It's hard to say I enjoyed Yewbarrow, but I was feeling pretty good and was full of sugar from some gels and an ice lolly Jack had bought for us. After this, we had the expert guidance of pacer Pete Darwood (leg 4 & 5 support) who was setting us a blinding pace and finding all the good trods, but as we hit Red Pike I had failed to replenish the sugar I had used on Yewbarrow and I hit another mega low point. I was dizzy and hallucinating and had to stop to force down sugar. As we approached Steeple we crossed paths with another round, again this acted as motivation and lifted our spirits as we chased them down over Pillar and Kirk Fell. It is said once you have done Great Gable it is basically in the bag, making sure I was loaded up with sugar we stuck out on the climb, Pete still setting a great pace for us. We had the top to ourselves on a glorious sunny evening, unfortunately no time to linger, we had to pick our way down to Windy Gap, which was absolutely living up to its name this evening. As we rounded Green Gable we could spot yet another round ahead. More motivation and we caught them at Grey Knott. For the first time in a number of outings we found a brilliant trod down from here to Honister and we were flying, passing yet another attempt. However our road support Jack had under estimated our arrival time and was doing hill reps on Dale Head. We saw the moment he realised and he was really flying down the fell to get there before us. Luckily he made it and we said goodbye to Phil and we were met by my mate Damien Brockie for the glory leg.
We rushed Ben to finish one of his range of snacks, I think he had bought the whole chilled section of M&S, I had made a few sandwiches!. Part of the reason for this was that we wanted to get back before last orders, the other, we hadnt packed head torches for the leg and didn't want to get stranded in the dark on Robinson, or the tricky descent off it. Glorious sunset met us on Dale head and we made it off the fell just as dusk fell. We knew we were home and dry from Gable, but we didn't really know how we were doing vs schedule by this point. Some calculations revealed we were on for about 21 hours and if we dug in we could go under, so we dug in. Just pure pain in the feet as we were still in fell shoes, and failing to eat or drink much I was having a superbonkathon. Keswick finally revealed its self and among the drunken revellers there were several people who were clearly used to this sight cheering us on. Finally into the square and a small welcoming party were there to meet us and cheer us to the finish, including Bens wife Emma and the Joel's who were staying nearby on Holiday, a check of the watches revealed we had cracked 21 hours too!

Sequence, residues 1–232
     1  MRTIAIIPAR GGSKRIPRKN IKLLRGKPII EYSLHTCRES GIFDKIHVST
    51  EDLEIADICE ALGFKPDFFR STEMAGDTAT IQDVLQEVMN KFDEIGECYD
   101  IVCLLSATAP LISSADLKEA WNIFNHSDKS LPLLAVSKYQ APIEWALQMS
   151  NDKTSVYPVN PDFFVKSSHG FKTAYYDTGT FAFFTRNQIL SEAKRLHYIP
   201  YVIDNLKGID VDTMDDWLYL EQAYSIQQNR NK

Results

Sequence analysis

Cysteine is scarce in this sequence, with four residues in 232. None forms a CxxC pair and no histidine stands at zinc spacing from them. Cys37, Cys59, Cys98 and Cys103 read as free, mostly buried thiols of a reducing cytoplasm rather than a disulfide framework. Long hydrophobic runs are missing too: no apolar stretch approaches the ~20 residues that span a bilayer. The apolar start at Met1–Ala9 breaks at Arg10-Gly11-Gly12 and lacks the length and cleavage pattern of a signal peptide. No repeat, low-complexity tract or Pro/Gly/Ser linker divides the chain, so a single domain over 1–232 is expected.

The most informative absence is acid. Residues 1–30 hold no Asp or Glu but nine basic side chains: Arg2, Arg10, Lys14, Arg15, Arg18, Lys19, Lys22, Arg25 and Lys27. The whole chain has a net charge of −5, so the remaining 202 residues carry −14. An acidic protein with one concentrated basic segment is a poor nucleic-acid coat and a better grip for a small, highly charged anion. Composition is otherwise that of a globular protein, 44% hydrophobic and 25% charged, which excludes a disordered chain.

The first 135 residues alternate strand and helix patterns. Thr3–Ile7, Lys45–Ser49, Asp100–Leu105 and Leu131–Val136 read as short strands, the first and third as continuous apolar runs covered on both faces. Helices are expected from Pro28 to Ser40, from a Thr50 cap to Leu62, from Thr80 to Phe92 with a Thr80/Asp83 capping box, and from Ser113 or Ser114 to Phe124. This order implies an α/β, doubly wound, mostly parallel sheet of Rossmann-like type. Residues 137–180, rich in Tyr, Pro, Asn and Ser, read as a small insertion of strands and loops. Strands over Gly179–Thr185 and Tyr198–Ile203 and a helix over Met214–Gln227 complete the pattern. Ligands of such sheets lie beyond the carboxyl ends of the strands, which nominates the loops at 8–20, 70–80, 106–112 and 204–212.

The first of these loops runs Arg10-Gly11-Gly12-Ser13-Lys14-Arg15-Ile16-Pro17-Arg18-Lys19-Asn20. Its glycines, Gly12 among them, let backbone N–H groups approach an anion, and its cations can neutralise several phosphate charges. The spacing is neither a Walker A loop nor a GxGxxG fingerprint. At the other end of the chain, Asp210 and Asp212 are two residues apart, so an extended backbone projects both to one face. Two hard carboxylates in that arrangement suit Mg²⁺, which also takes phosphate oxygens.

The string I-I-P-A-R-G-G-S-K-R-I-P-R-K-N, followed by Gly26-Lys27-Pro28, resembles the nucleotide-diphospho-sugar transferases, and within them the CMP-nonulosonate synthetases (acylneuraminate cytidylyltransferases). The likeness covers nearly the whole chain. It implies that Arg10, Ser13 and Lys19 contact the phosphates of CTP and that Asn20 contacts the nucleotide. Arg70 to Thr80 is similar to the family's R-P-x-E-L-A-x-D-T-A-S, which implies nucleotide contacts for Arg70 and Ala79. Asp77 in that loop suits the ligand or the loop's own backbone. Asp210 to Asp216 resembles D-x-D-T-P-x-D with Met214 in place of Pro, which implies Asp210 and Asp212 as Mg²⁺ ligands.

A huge thanks to all the Harriers and Non Harriers who gave up their time to support us:
Justin Phillips - Road support leg 1 & 2
Jack Wood - Road support leg 3 & 4
Michael Lomas - Pacer leg 2
Brian Melia - Pacer leg 3
Phil Withnall - Pacer leg 3 & 4
Nepalese Richard - Pacer leg 3
Pete Darwood - Pacer leg 4 & 5
Damien Brockie - Pacer leg 5
From Kate Archer ... A hilly but very scenic marathon. I was second lady. Results are:
(1 2:44:00 Neal Emmerson, Radcliffe AC) 35 3:19:33 Kate Archer 835 finished
From Ewan Welsh ... 8miles (now apparently 9 miles - but same route!) 2900 ft
I ventured on my annual visit to the Goatfell Hill race in Scotland, a race I've being frequenting on and off for a few number of years (30 years now that I think about ), I only discovered this year that it's 9 miles in distance, not the 8 miles I always thought it was, must be a result of the influence of the garmin wearing modernists, back in '88 a bloke told me it was 8 miles, and he knew a few things about a few things so I've always just taken it as 8 miles, however now we have the science to hand, we have the facts, although the science gives us the facts, the art give us the pleasure, so I still take it as a philosophical 8 miles, I don't record anything in a spreadsheets anyway, my head, legs and soul are the only place the recording of it really matters!
The route, it's basically the usual along the road, up to the top, back down, back along the road. You need to concentrate on the descent, around 6 casualties this year, although if you take my approach on the descent you don't need to worry about that at all. First and last mile or so is flattish (not excluding that blinking lap of the park at the end!)
Goatfell is a height of 2866', that's what the t-shirts say anyway, next time I'm up and if I meet someone sporting a Garmin, I'll ask them if they "happen to have the height on them" and I'll confirm (or perhaps just look at a map =!)